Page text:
This event report discusses how Red Bull Media House, the extension of the Red Bull brand of energy drinks, approaches content marketing. Red Bull Media House is intended to build enterprise value for the brand, as well as be a self-sustaining media company. Greg Jacobs, Red Bull's head of distribution, North America, described its activities from Formula 1 to snowboarding, breakdancing and gaming. Jacobs also explains how Red Bull engages with the YouTube generation and handles multiscreening.
Smirnoff redefines the idea of engagement
Stephen Whiteside, Event Reports, ARF Audience Measurement, June 2013
This report discusses how Smirnoff, Diageo's vodka brand, engages millennial consumers with a combination of experiential and digital touchpoints.
This report discusses how Smirnoff, Diageo's vodka brand, engages millennial consumers with a combination of experiential and digital touchpoints. It is based on a presentation to the ARF's Audience Measurement conference by Oscar Martinez, the brand's global director of consumer planning. Smirnoff's Nightlife Exchange Project in 2010 allowed its Facebook fans in 14 nations to identify the best elements of night out in their own country, which were then utilised to create a themed event staged in one of the other featured markets. In 2011, it was extended to more than 50 countries. In 2012, its "Midnight Circus" initiative drove an 18% expansion in Smirnoff's fanbase on Facebook. A key term for Smirnoff is "magic", a concept that it tries to inject into the experiences its offers, such as its "Dance 4 Madonna" competition. The brand has employed a range of research techniques, including online surveys and sentiment analysis of social media output, to create an individual tone of voice that resonates with millennials.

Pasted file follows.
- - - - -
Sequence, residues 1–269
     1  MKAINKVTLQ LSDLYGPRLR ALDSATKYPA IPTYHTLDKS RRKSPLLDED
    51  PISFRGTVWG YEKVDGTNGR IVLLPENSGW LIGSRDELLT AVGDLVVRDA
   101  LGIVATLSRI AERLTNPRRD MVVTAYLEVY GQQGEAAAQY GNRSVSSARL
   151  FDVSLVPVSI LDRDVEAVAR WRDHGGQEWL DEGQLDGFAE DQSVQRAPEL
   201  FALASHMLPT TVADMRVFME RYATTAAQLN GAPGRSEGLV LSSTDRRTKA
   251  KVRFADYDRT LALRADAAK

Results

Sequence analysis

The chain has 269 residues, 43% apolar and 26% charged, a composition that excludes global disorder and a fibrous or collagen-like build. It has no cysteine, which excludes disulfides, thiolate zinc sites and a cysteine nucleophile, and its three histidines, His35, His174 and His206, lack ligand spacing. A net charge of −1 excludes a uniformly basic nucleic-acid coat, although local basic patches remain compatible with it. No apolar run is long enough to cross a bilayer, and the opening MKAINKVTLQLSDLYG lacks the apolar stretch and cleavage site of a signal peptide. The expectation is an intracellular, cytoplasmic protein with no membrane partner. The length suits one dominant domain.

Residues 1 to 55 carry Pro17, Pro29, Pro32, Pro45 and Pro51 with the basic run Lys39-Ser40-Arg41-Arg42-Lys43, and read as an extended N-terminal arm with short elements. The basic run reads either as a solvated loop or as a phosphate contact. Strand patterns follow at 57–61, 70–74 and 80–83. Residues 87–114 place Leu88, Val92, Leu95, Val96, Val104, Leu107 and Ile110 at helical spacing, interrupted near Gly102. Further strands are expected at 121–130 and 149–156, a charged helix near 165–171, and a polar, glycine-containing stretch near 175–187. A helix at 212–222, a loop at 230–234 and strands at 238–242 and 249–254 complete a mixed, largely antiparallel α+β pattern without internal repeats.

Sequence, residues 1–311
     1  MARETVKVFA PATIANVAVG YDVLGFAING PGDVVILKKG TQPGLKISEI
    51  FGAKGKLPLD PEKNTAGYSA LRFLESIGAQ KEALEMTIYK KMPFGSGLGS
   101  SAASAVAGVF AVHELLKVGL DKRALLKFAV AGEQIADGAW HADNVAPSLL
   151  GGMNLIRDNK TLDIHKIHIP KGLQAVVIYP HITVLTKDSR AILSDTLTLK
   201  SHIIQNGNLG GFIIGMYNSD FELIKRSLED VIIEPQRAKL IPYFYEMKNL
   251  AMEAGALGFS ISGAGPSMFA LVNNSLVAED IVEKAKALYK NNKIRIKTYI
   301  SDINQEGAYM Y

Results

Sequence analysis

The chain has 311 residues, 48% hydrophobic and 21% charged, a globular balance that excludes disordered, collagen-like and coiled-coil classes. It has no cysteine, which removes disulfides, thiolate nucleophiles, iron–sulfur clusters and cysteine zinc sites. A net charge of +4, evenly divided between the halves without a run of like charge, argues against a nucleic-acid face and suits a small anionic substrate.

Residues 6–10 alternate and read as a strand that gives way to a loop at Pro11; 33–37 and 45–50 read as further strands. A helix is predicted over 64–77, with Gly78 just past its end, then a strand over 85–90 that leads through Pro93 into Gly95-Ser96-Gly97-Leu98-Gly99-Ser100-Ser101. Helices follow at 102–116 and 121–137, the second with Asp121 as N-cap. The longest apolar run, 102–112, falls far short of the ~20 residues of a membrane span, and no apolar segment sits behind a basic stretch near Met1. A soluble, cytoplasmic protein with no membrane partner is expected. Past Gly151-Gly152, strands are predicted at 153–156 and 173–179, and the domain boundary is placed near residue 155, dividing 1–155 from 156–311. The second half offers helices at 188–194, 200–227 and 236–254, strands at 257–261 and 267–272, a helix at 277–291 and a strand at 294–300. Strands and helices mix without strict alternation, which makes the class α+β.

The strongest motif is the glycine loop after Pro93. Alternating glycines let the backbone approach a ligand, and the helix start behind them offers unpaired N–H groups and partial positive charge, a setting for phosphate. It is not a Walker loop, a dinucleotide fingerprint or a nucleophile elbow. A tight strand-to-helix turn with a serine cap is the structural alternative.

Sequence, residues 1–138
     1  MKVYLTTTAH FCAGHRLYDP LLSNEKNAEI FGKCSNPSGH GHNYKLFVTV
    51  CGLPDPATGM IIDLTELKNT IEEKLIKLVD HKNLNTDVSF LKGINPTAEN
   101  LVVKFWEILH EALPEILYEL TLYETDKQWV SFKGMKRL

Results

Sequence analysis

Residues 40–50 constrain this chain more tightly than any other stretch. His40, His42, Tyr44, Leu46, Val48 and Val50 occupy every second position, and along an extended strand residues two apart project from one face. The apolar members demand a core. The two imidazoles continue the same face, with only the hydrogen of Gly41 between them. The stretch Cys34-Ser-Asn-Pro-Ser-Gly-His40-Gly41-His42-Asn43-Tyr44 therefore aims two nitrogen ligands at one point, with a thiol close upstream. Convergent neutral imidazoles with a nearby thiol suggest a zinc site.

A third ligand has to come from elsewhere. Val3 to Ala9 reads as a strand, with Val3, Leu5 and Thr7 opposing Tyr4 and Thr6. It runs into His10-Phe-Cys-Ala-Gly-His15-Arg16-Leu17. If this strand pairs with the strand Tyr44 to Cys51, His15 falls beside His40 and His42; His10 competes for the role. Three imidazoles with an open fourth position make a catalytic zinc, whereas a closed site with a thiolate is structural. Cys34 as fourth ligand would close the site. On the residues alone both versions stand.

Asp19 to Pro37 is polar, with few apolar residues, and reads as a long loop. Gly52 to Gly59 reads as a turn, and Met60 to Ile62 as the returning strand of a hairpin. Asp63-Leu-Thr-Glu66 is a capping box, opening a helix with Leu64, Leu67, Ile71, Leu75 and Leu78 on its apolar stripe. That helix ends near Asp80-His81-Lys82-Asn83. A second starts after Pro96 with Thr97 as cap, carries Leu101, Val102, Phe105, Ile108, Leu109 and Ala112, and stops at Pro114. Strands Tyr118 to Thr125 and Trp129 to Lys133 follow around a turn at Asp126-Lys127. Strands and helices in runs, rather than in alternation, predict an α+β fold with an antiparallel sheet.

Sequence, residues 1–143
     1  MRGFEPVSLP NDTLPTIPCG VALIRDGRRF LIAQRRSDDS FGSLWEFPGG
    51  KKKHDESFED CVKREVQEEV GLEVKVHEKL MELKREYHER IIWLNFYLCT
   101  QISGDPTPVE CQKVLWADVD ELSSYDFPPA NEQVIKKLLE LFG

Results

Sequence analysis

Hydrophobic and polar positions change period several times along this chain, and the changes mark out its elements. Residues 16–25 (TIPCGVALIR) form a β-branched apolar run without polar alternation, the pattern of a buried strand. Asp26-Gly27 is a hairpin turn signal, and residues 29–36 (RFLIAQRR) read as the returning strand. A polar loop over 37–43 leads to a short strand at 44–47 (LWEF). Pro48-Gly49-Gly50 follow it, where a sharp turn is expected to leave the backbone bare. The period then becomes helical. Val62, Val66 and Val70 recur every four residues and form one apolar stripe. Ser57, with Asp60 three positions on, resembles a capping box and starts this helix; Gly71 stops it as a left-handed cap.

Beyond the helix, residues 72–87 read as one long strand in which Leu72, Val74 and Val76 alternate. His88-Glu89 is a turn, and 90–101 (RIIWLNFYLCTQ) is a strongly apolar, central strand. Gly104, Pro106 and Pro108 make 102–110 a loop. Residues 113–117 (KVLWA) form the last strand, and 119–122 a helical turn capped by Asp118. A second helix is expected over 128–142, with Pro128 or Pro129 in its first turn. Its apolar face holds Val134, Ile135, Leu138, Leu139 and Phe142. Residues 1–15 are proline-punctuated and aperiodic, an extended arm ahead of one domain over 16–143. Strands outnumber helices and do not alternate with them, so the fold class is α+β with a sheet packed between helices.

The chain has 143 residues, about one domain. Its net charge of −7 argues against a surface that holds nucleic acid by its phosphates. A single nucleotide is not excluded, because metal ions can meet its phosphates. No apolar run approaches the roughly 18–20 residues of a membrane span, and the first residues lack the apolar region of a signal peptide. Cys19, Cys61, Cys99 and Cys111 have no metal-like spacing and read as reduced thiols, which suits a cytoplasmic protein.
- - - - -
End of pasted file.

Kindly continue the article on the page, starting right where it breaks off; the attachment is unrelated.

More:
Experiential, data-driven, omnichannel marketing: Presentations from Marketing Week Live 2013
Joseph Clift, Event Reports, Marketing Week Live, June 2013
This event report shows how major brand owners can respond to consumer needs, whether in their marketing, physical stores and installations or data management.
This event report shows how major brand owners can respond to consumer needs, whether in their marketing, physical stores and installations or data management. Starbucks, for example, utilised new and traditional media to strengthen its reputation following criticisms of its stores and low taxation payments. Elsewhere, Guinness, Samsung and John Lewis have all utilised an "ominchannel" approach to fully coordinate their activities and drive up demand. On its part, AIMIA, which manages the loyalty card programme of Sainsbury's supermarkets, has found that all marketers must be clear and transparent when using data, or else run the risk of eroding consumer trust.